Sunday, November 27, 2016

The Novel as a Platonic Ideal.

The philosophy of Plato, especially insofar as it asserts ideal forms as an absolute and eternal reality of which the phenomena of the world are an imperfect and transitory reflection.

Before I start writing a novel, I have a chance to direct it. Maybe my last chance. I can decide what genre it will be, the tone I want to take, the themes I want to explore. I can figure out whether there might be an audience for it. I can think about how much research it will need.

But once I start writing, the novel tells me what it wants.

I have a theory that there is a Platonic Ideal of the novel--the novel in its perfect form, and my job is to try to find that form as much as possible. The closer I get to the Platonic version, the more I feel like I've done my job.

By then, it doesn't matter if it's commercial, or if anyone else will ever read it or like it. The book is the thing, and I'm in that world trying to figure out what the novel wants me to say.

Obviously, I don't do outlines. The story tells me where it wants to go. My job is to coax it out of the ether.

At this point in my writing, I'm not listening to anyone else about what I should write or how I should write it. (I do seek out critique that will help me reach the Platonic Ideal of the novel.) The idea that there is a mechanistic formula that makes a book better is anathema to me.

I've told this story before, but someone joined writer's group for awhile who was a convert to a certain book about how to write. To him, there was a right way to do it and a wrong way, and if you weren't planning out every detail, weren't following the dictates of the first act, the second act, the third act and the final act, then you just weren't doing it right.

Wow. I couldn't have disagreed more.

Thing is, commercially he may be right. There probably is an technique to gain the most followers. I'm sure Micheal Bay follows it religiously. Ugh.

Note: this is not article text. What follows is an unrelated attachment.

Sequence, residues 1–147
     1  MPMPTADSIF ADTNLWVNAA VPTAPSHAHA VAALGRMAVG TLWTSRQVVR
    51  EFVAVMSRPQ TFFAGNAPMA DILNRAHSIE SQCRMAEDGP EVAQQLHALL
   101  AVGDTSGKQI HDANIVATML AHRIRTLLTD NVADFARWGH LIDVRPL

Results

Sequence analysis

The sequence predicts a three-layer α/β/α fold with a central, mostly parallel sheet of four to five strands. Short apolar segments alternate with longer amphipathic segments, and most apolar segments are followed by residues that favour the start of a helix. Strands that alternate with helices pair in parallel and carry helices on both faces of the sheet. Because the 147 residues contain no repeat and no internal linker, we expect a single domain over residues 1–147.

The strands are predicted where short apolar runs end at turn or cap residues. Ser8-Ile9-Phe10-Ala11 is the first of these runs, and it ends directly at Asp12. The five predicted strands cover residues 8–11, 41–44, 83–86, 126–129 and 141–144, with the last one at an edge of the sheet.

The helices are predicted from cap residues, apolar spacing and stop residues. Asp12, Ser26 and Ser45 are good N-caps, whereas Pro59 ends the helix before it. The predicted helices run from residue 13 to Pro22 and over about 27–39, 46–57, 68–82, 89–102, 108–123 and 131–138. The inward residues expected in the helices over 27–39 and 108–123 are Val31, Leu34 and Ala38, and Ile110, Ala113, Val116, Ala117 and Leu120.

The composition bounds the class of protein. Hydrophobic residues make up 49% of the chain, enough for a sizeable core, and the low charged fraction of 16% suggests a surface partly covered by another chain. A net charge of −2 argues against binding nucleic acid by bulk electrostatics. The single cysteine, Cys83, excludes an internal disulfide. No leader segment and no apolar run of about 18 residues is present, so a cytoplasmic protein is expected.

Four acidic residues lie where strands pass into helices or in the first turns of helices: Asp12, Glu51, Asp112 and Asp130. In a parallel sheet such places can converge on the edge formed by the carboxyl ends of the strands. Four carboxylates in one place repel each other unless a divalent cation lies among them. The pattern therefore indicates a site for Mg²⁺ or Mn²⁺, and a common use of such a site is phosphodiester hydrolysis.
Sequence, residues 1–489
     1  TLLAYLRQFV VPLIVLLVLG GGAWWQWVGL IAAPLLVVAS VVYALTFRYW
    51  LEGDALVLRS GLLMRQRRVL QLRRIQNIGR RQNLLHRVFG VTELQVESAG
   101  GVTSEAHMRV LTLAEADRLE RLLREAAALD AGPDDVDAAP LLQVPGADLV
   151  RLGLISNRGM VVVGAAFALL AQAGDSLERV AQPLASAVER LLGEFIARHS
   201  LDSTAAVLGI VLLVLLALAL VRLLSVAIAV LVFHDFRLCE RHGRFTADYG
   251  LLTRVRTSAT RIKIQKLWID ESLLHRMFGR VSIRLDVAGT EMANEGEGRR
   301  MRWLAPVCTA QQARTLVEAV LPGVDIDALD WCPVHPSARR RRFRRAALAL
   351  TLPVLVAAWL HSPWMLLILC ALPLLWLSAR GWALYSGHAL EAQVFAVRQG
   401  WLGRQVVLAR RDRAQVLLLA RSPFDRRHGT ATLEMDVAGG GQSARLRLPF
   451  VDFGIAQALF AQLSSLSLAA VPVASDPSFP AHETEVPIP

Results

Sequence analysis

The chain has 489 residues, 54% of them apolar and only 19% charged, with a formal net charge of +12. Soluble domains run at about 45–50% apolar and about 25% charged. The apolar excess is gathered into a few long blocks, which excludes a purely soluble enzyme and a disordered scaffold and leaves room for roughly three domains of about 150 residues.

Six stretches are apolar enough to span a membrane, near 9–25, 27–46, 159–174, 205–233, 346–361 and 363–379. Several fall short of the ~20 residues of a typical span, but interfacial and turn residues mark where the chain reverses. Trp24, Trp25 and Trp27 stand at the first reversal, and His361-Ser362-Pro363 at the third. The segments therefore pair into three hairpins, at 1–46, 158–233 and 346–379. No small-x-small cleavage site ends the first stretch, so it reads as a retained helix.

What I've noticed in my own business career and now in writing is that I follow a certain path. First, I seek out as much information as I can. I'm open to all ideas, I read how-to books, I seek out advice.

The second step, which is much longer, is trying out all these different ideas. I'm no longer seeking new information, (such as taking classes or reading how-to books) but I gather it as it passes by. I see which of the advice is good and which is bad. It's a process of trial and error.

The third phase, is I simply go my own way. I've figured out to my own satisfaction what works and what doesn't work, and I quit paying attention to everyone else. I try to leave the door open for paradigm shifts, but other than that, I'm pretty self-contained.

This is when my business finally became profitable. I learned through study and experience what worked, and then followed my knowledge and instincts.

I'd like to think I'm that way with my writing. I've done the first two stages, now it's a matter of pursuing the Platonic Ideal, of applying what I know. When I'm writing a novel, I'm not thinking about who else may read it, whether it is commercial or literary or whatever. I'm just trying to envision the best form of that story.

Not saying I know everything. Not saying I'm succeeding. But this is the path that helps me create the novels that are closest to what I envision the ideal to be.

This may come across as naive or idealistic, but all I'm saying is, when I'm in the middle of writing, I'm trying to get the story that is coming to me down on paper as best I can. I've run into very hard headed writers, and I admire them. Maybe I'm just an amateur playing with mystical ideas.

I can and often do have all the doubts in the world after I'm finished. I can chastise myself for not coming up with a more commercial idea. I can try to do better the next time.

But I gauge the success of the story on how close I perceive it to be the Platonic Ideal of that story.

1 comment:

Dave Cline said...

I get it.

There's a statue in that marble, somewhere. What it is and what it looks like is a discovery process.

Someone at the peak (or near peak) of their craft could coax it from the rock.

Someone, like me, would just hack away at it ending up with a lumpy, misshapen thing.

Guidelines, patterns, formulas, recipes, outlines, traps and tricks -- in my opinion, all help to teach the craft. I'm so far down in my craft level, that to write to an envisioned ideal would be to produce a scattered meander of shallow characters and empty plot.

For a craftsman, I can see your process taking its natural path to produce the intentional yet unintended work of art.